Inter-bank lending rate inches down

A gradual thaw in frozen money markets as global bailouts take effect has seen lending rates between nervous banks inch lower.

Three-month borrowing costs between banks, which are used to price mortgages, drew back from 6.25% to 6.21% - although that is still well above the Bank of England's official 4.5% interest rate.

Overnight the inter-bank cost, known as the Libor rate, fell back from 5.43% to 5.38%, according to the British Bankers' Association's latest data.

A bid to get inter-bank money markets moving again has seen Governments and central banks around the world pump hundreds of billions into the system to make funds available to cash-starved banks and shore up their balance sheets.

In the UK, the Government has put £37 billion into three major banks in return for share stakes. It has also guaranteed around £250 billion in wholesale lending in return for a fee and extending the Bank of England's special liquidity scheme by £100 billion.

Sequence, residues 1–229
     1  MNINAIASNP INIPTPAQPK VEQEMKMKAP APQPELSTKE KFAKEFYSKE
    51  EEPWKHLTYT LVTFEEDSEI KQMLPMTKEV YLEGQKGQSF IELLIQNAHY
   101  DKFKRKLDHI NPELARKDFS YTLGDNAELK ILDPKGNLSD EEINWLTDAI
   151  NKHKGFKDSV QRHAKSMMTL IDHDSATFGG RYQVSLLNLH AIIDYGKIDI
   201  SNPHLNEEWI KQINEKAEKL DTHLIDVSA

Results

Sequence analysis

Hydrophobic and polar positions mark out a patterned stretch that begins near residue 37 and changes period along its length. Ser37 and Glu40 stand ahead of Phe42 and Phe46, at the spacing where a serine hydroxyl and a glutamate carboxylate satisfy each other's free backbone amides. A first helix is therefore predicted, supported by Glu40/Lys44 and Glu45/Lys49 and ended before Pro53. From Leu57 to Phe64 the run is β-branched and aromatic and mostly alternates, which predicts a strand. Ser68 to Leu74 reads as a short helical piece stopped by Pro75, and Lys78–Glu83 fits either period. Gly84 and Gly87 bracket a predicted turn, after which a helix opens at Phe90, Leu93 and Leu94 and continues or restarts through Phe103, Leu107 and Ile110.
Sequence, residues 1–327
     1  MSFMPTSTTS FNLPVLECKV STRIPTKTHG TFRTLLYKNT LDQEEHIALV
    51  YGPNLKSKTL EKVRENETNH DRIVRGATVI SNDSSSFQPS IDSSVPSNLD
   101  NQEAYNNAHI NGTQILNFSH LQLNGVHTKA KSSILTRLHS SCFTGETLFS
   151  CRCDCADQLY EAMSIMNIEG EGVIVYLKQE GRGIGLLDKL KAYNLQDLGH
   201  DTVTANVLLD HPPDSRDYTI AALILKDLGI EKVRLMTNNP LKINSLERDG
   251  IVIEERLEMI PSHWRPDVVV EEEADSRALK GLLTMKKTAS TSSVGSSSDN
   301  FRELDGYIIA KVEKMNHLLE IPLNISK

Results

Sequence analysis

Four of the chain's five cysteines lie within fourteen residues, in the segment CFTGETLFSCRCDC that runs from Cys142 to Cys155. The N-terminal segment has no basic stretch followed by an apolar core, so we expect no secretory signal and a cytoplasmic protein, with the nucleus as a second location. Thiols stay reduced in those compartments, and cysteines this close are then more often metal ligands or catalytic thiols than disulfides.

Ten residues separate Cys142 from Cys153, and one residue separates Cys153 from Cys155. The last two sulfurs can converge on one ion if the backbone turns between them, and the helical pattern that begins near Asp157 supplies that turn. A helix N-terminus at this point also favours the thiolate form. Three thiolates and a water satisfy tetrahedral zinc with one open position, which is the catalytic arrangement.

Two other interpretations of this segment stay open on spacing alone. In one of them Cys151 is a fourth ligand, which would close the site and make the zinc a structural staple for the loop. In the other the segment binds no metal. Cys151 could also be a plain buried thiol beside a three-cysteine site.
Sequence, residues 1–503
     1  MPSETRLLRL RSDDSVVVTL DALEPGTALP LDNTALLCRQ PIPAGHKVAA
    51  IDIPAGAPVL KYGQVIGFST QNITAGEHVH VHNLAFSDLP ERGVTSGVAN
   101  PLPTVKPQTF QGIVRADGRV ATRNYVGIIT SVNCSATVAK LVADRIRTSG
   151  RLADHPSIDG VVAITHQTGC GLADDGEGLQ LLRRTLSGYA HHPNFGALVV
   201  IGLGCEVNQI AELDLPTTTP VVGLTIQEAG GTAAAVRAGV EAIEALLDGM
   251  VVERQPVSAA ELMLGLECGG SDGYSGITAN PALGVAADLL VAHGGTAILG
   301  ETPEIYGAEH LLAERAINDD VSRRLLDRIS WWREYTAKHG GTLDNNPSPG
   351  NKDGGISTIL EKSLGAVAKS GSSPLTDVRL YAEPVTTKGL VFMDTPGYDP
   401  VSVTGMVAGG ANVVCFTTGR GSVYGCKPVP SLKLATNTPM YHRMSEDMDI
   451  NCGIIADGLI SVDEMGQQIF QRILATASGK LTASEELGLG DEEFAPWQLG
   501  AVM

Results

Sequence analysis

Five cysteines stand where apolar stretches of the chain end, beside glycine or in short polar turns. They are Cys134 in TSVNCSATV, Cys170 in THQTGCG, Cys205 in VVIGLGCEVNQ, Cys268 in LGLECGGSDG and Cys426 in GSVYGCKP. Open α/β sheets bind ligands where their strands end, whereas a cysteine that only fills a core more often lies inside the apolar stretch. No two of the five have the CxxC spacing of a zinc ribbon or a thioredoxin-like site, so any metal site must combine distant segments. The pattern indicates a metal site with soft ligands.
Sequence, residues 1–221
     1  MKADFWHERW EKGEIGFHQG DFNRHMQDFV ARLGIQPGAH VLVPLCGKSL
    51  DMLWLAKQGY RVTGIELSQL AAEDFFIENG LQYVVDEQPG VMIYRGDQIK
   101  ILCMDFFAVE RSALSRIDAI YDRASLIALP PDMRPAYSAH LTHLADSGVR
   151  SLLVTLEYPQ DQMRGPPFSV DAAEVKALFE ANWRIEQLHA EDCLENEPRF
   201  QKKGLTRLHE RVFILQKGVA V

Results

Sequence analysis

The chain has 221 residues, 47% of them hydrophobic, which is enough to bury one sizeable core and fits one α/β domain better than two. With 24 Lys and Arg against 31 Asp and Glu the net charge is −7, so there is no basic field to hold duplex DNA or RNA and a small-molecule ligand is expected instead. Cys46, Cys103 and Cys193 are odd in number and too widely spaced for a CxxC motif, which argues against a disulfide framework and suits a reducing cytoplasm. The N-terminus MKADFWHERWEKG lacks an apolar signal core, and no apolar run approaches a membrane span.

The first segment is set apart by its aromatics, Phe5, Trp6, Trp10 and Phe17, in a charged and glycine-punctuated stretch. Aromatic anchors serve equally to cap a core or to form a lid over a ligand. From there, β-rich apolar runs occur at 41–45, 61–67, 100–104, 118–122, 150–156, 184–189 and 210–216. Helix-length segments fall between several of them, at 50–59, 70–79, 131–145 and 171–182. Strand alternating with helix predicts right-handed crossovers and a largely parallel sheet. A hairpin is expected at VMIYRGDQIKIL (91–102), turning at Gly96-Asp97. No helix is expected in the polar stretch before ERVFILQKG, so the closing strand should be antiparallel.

Howard Wheeldon, senior strategist at inter-dealer broker BGC Partners, said: "Slow though it is, Libor rates are at last showing small signs of responding, though clearly it will take a very long time before we are back to anything like the norm."

Copyright © PA Business 2008

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